Real estate lead generation research tells us only about 1 or 2 percent of all purchased online leads become transactions. Another way to say that is 98 out of 100 times, an agent fails to turn a lead into a client, or 98 times out of 100, they are being rejected.

Yet, the conventional wisdom in real estate is that you only need to turn one lead into a transaction to pay for all the leads you’ve purchased this year many times over.

But is there a problem with this logic? Is it looking at only one side of the equation, that is, the upside? But isn’t there a downside once one considers all the collective human capital that is expended to find that one needle in the proverbial lead generation haystack?


Is lead generation also creating a tremendous waste of human intelligence?

The cost of human rejection

Most of us probably don’t think too much about the impact of the massive rejection that online lead generation is creating in real estate today. There is a reason we have robo-calls and don’t have door-to-door sales anymore: As humans, it’s tough to tolerate this kind of continuous rejection. It’s likely the main reason why sales call centers have incredibly high turnover rates. When someone hears “no” 99 times out of 100 calls, it has to be demoralizing.

Is it really any different in real estate? A UCLA-lead team of psychologists found that two key areas of the brain appear to respond to the pain of rejection in the same way as physical pain. The study’s lead author, Naomi Eisenberger, told ScienceDaily, “There’s something about exclusion from others that is perceived as being as harmful to our survival as something that can physically hurt us, and our body automatically knows this.”

We know rejection is painful, yet real estate subjects tens of thousands of hard-working real estate agents to this process all the time. Is it any surprise, taking these numbers into consideration, that real estate agents struggle in following up on all the leads their brokers give them? (See this WAV Group study.) One has to wonder if online lead generation isn’t contributing to weakening teams and agents.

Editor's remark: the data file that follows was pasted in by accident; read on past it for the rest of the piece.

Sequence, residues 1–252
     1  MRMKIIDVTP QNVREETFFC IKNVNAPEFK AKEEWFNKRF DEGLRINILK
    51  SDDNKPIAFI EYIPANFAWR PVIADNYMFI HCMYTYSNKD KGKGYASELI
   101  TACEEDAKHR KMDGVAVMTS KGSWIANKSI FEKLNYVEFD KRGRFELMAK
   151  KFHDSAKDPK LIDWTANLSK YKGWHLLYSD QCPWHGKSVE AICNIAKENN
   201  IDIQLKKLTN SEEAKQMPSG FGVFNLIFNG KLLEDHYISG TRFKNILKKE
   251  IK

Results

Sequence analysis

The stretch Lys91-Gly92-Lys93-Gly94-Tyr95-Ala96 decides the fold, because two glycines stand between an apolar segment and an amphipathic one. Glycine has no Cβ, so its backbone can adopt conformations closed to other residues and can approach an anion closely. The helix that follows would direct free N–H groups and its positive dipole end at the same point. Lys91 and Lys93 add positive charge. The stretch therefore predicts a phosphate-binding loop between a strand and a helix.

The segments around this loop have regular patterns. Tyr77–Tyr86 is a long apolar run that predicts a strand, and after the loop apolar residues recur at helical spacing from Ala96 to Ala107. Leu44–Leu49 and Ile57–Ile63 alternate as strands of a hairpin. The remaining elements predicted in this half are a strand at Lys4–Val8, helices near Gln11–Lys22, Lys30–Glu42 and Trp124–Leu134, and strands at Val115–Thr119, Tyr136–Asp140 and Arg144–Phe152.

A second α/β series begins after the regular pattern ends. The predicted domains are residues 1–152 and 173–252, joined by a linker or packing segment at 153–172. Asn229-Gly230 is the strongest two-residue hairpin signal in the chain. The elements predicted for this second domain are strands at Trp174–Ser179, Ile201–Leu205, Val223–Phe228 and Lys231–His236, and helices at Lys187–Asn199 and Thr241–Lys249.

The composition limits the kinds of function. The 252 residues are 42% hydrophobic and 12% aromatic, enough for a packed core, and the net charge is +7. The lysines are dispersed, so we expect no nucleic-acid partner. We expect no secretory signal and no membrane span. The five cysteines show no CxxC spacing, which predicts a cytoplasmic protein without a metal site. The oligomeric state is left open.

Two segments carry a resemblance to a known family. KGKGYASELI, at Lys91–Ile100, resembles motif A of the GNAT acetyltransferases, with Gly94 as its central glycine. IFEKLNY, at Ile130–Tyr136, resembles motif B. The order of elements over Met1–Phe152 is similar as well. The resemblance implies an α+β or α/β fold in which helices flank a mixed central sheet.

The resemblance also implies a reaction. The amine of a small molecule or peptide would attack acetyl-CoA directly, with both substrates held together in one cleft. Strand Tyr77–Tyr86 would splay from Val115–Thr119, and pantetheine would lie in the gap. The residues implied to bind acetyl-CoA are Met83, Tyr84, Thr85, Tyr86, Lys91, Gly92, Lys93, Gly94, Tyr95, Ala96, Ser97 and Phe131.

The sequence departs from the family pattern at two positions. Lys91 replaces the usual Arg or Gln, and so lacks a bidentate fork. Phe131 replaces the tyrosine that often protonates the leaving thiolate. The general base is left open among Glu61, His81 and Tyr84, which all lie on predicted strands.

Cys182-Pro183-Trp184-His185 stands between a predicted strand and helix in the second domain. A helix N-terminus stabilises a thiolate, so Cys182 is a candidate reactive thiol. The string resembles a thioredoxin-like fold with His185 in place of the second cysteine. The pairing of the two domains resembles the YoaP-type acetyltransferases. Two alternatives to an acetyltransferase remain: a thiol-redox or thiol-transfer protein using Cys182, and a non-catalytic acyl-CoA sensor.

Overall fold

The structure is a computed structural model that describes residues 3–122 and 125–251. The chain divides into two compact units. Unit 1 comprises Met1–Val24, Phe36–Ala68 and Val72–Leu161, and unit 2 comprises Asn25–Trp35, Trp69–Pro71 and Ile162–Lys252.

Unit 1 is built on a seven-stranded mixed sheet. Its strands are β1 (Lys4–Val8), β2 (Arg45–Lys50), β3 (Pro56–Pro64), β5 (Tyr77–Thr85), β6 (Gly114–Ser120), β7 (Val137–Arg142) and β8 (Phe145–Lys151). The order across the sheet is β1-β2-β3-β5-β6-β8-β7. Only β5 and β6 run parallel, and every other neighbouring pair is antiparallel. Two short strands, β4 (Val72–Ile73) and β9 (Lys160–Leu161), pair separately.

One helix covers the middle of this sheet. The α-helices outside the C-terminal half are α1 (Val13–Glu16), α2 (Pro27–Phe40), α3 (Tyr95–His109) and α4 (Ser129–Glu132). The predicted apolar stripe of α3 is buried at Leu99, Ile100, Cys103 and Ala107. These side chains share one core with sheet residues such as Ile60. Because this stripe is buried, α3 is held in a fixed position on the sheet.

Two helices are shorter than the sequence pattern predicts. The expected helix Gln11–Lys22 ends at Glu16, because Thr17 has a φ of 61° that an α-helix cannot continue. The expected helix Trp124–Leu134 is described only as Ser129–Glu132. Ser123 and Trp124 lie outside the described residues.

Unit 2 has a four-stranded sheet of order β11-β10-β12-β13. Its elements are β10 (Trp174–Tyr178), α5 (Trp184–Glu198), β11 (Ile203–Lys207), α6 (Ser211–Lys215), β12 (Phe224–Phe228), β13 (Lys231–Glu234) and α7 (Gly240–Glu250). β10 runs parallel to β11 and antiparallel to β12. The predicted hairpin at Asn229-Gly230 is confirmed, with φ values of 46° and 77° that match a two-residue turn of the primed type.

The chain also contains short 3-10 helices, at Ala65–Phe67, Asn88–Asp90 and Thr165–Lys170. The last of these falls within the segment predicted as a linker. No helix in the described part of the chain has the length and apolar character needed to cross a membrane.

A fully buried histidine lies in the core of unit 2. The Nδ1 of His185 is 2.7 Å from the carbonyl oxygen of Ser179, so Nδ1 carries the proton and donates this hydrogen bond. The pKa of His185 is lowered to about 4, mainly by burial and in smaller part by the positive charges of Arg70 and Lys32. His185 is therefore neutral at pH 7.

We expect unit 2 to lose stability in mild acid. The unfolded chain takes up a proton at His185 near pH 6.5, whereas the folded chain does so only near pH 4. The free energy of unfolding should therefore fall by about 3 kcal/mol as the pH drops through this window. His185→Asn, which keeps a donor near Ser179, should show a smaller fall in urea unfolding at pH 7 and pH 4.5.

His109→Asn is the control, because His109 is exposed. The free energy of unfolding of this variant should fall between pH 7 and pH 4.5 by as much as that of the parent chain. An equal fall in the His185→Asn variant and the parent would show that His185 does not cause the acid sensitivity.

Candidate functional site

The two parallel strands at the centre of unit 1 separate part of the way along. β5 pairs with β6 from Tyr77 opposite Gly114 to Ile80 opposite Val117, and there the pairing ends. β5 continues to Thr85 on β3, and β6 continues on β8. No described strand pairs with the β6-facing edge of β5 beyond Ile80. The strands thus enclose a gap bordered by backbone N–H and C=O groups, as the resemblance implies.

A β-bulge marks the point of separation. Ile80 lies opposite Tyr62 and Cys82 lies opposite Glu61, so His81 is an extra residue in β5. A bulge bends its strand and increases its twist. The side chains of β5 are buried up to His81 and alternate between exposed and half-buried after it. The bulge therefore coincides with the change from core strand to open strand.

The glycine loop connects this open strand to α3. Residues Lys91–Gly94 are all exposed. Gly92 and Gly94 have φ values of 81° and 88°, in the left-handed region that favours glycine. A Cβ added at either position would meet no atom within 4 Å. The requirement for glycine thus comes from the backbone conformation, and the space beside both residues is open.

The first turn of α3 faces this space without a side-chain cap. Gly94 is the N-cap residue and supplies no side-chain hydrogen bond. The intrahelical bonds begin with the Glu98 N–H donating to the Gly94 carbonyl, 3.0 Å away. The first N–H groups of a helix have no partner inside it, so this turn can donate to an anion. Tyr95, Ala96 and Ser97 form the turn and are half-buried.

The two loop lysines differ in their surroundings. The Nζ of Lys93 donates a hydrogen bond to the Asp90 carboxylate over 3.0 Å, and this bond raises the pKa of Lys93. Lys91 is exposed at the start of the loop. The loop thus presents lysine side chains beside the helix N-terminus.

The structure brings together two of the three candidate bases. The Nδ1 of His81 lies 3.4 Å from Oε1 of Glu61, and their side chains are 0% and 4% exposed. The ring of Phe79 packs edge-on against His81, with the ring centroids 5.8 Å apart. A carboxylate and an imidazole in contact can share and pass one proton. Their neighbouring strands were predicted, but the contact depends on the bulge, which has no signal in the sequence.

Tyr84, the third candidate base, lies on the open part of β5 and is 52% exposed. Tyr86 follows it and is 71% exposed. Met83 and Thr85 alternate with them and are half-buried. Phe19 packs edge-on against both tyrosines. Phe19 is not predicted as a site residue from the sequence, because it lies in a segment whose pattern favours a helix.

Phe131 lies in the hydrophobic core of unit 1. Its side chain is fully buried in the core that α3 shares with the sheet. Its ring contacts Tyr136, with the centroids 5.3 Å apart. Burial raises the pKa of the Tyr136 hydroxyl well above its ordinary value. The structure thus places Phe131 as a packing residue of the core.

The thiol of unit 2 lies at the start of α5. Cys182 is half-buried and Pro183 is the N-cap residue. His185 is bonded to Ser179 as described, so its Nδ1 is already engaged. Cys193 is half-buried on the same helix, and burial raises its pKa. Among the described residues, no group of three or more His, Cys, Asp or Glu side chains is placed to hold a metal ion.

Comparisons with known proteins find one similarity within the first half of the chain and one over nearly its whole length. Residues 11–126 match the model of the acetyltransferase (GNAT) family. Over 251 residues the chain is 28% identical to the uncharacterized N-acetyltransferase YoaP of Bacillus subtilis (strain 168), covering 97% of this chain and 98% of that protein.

Breaking bad habits

An argument can be made that the correct way to handle this type of lead generation is to use employees and agents who are independent contractors to handle these leads upfront. Shifting to using a dedicated staff to sift through leads is a better strategy than wasting the talents of your agents. Besides, if your agents are not employees, yet you are telling them what to do with these online leads, shouldn’t they be classified as employees? This is where lead generation can be a very slippery slope.

We know that when someone is spending $3,000 a month on Zillow leads, they are not about to admit that they aren’t working. It’s akin to newspaper advertising that is still being mindlessly purchased to solely appease sellers. Despite the fact that we know how ineffective newspaper advertising is, we continue to stroke the egos of sellers. Online lead generation is in a similar space if you measure the total efficiency of the entire process. WAV Group studied the effectiveness of some systems, where agents are actually spending as much as 66% of their commissions towards this kind of marketing expense.

A better way

One of the most important things that brokers can do today for their agents when it comes to lead generation is to focus on quality, not quantity. This is the direction that lead generation must move, because the human capital cost is too high from the millions of dollars of dead leads that are being sold, while the ultimate benefits are too low. Moreover, it is clear when you talk to agents who were early adopters of online lead generation, that many are seeing diminishing returns.

In response, the portals are hinting at leveraging their Big Data to find more needles in the haystack. Some industry thought leaders are warning that the cost of leads are actually going to go up, as the portals separate out the hottest leads, putting a huge premium on these so-called “transaction likely” leads.

What agents need to know is that one of the greatest sources for the hottest leads is their Yard Signs. Yes, according to the most recent NAR study of home buyers and sellers, the For Sale sign still reigns as Top 5 information source. It has been and continues to be one of the best sources of transaction-ready leads, yet so few brokers and agents are focused on how to leverage the power of this arcane, but still highly effective marketing tool.

That’s where opportunity really lies for agents and brokers: not online, but just 50 feet from their listing. We know that when a buyer calls that number, agents know that it’s go- time.

So why isn’t there more being done to perfect this lead generation machine?